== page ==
Many extensions in the Chrome Web Store want to “read and change all your data on the websites you visit”. That sounds a little dangerous—and it can be—but many extensions just need that permission to do their jobs.
Chrome Has a Permission System, But Firefox and Internet Explorer Don’t
This may seem alarming, especially coming from something like Firefox. But you only see this warning because Chrome has a permission system for its extensions, while Firefox and Internet Explorer don’t. Every Firefox and Internet Explorer extension has full access to the entire browser, and can do anything it wants.
For example, when you install the Tampermonkey add-on in Firefox, you won’t see a permission warning at all. But that add-on gains access to your entire Firefox browser.
Unlike extensions for these other browsers, though, Chrome extensions must declare the permissions they need. When you install an extension, you’ll see a list of the permissions it requires and you can make an informed decision about whether to install the extension. It’s a bit like the permissions system built into Android.
To use the same example, when you install the Tampermonkey extension for Chrome, you’ll see information about the permissions the extension requires.
Very simple extensions don’t actually require any permissions. For example, the official Google Hangouts extension just provides a toolbar icon you can click to open a Google Hangouts chat window. Install it, and you won’t be warned about any special permissions it requires.
Why Extensions Need Permission to “Read and Change All Your Data”
Try to install most extensions, however, and you’ll be warned about the permissions they require. The most scary looking one is probably “Read and change all your data on the websites you visit”. This means that the extension can view every web page you visit, modify those web pages, and even send information about that over the web.
For example, Google offers a Save to Google Drive extension that allows you to right-click on any web page or link and save that page to your Google Drive. The extension requires the ability to “Read and change all your data on the websites you visit”. But it needs this permission because, when you try to save content, the extension must be able to access the current web page and view its data.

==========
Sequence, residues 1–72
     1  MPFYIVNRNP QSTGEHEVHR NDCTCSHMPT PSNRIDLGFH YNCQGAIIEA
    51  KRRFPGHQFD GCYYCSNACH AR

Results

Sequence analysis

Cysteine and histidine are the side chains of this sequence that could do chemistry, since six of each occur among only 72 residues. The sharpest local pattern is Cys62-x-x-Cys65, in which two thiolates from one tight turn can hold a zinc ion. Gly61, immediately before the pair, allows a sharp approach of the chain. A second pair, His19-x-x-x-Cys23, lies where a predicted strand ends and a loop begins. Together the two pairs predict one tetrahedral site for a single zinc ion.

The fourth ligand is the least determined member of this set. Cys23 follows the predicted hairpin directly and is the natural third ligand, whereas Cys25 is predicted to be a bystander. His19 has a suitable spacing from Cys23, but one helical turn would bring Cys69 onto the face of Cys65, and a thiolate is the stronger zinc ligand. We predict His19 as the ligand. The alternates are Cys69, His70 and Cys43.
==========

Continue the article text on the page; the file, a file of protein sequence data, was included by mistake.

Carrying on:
Extensions that need to interact with web pages will almost always require the “Read and change all your data on the websites you visit” permission. That’s why the Google Hangouts extension doesn’t ask for this permission: It has no features that interacts with an open web page in your browser.
Click around and you’ll quickly realize that most browser extensions offer features that interact with the current web page, from password managers that need to fill passwords to dictionary extensions that need to define words. That’s why this permission is so common.
Extensions that only work on a single website may only require the ability to “Read and change your data” on a specific website. For example, the official Google Mail Checker extension requires the permission to “Read and change your data on all google.com sites”.
Sure, this level of access would let an extension capture your passwords and credit card numbers or insert additional advertisements into web pages. But Google doesn’t know whether an extension will use its permissions for good or evil. Many popular and legitimate extensions require this permission, as there’s no other way they can interact with open web pages.